I’d like to acknowledge that we are on pickpocketed land.

I’d like to acknowledge that we are on empty land.

I’d like to acknowledge that we are on full land.

I’d like to acknowledge the knowledge of like to acknowledge you like me acknowledging.

I’d like to acknowledge that we are trespassing on someone else’s property if that someone else had property and if we are who we think we are and not, in fact, perhaps also someone else’s acknowledgement.

I’d like to acknowledge I meant that.

—Clint Burnham, excerpt from No Poems on Stolen Native Land (2010)

Explore Whose Land or Native Land to learn about your location and the history of the land you are on. Look to Humber’s Land Acknowledgement Best Practices, or resources like the Native Governance Centre, for tips to writing your own, appropriate Indigenous land acknowledgement.

Explore further with these selected library resources:

Children of the broken treaty: Canada's lost promise and one girl's dream (eBook)

  • In a movement inspired by Shannen Koostachin, a young Cree woman, Angus works to establish how Canada--through breaches of treaties, broken promises, and callous neglect--deliberately denied Indigenous children their basic human rights.

Why Indigenous literatures matter (eBook)

  • This book contemplates four key questions at the heart of Indigenous kinship traditions: How do we learn to be human? How do we become good relatives? How do we become good ancestors? How do we learn to live together?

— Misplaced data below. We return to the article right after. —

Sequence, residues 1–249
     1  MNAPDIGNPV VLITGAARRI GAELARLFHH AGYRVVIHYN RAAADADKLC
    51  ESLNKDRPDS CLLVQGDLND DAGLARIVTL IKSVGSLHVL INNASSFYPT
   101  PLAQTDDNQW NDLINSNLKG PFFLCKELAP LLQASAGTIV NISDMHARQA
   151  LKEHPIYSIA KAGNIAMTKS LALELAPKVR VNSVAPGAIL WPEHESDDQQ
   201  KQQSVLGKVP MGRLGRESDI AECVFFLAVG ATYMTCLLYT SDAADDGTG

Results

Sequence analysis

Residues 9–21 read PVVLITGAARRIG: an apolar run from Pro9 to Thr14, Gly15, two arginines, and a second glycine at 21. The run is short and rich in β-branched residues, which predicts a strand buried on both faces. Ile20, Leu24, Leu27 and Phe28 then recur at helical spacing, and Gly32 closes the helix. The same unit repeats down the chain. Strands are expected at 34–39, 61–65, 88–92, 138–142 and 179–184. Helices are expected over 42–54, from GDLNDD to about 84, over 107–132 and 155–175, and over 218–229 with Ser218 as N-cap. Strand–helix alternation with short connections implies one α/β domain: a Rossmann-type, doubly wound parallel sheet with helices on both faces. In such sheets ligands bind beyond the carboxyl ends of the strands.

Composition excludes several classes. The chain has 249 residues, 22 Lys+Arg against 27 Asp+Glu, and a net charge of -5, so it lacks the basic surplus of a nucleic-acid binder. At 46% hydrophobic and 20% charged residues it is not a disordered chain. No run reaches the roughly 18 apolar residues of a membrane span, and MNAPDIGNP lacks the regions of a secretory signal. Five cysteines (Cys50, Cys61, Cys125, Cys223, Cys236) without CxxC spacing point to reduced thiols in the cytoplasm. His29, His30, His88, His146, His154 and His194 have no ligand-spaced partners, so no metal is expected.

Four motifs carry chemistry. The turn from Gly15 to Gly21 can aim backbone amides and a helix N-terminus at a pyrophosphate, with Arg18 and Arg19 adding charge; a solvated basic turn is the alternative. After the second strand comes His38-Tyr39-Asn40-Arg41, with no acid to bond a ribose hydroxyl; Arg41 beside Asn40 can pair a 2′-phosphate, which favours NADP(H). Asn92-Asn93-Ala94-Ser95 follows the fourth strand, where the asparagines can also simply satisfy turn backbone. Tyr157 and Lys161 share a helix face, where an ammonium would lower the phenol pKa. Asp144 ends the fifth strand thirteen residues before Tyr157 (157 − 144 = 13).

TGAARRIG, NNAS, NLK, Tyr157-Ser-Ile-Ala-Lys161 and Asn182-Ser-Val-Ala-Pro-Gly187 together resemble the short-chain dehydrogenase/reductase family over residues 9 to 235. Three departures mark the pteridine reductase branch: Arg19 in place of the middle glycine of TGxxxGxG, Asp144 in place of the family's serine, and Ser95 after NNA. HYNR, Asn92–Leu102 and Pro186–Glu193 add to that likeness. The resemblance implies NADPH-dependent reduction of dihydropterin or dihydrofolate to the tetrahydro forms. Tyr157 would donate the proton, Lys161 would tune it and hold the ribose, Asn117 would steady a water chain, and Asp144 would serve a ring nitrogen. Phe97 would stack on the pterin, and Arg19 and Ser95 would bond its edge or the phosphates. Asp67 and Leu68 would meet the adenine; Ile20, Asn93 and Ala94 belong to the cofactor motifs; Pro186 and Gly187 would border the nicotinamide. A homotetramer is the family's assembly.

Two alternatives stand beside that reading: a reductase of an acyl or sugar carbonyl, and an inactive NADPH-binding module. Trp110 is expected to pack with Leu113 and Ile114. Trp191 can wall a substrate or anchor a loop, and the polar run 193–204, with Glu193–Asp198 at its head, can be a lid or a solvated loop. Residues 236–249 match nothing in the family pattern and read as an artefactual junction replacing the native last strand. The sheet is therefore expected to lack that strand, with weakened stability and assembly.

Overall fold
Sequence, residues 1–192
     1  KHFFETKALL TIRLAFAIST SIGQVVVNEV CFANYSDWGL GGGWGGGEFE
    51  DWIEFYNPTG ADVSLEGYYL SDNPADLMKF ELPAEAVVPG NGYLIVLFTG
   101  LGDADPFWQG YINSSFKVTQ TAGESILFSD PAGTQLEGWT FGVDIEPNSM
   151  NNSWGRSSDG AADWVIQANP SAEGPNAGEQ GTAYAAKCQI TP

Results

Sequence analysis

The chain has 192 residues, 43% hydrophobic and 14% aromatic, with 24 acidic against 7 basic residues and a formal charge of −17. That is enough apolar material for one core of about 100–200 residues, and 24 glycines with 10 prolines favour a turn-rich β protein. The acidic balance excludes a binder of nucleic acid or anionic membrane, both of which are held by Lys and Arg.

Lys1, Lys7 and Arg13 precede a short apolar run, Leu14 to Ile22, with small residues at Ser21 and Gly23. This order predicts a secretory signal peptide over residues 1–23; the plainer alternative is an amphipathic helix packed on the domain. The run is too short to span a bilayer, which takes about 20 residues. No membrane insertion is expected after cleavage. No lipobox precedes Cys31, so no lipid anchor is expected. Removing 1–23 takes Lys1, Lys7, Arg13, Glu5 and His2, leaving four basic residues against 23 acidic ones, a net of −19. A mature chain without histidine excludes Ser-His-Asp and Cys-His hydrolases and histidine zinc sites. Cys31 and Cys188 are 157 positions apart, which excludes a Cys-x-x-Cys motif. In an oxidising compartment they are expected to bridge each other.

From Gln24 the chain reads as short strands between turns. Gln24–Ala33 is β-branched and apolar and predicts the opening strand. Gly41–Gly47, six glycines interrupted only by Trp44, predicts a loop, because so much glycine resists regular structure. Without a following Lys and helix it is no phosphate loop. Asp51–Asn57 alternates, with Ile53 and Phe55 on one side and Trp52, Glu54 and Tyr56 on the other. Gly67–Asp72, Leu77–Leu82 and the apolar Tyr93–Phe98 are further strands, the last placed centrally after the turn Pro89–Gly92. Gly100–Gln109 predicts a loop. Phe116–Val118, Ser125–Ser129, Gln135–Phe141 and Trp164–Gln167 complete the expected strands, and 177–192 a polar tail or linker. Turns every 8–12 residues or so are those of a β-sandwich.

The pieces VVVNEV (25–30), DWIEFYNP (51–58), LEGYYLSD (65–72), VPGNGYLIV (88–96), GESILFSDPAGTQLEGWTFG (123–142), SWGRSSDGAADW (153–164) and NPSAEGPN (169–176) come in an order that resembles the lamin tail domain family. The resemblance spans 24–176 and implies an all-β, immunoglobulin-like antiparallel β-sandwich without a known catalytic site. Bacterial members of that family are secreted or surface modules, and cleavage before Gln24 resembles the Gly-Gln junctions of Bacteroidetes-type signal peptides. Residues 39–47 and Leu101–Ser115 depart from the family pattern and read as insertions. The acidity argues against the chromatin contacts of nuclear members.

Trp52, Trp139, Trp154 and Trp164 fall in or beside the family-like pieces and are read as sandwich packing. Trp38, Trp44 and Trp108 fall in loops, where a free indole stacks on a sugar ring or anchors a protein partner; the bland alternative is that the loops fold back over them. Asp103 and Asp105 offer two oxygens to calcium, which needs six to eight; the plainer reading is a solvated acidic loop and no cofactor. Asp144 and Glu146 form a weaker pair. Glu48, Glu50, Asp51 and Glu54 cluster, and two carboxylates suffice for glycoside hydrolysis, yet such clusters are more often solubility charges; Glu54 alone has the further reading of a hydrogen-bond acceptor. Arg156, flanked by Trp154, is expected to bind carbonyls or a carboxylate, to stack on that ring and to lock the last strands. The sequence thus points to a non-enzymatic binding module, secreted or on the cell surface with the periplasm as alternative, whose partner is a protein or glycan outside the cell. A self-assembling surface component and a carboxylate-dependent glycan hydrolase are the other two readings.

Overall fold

Rethinking the practice and performance of Indigenous land acknowledgement (Journal article)

  • This article is based on a plenary panel of Indigenous scholars asked to consider land acknowledgements and questions such as: how might acknowledgement be ‘actioned’ differently by settler Canadians, ‘arrivants,’ immigrants, displaced peoples, and visitors?

Treaty # (In Print)

  • A book of poems, drawing upon Armand Ruffo’s Ojibwe heritage and his connection to place.

Arrows in a quiver: From contact to the courts in Indigenous-Canadian relations (eBook)

  • A comprehensive political and legal overview of Indigenous-settler relations in Canada, written at a level appropriate for both college and university students.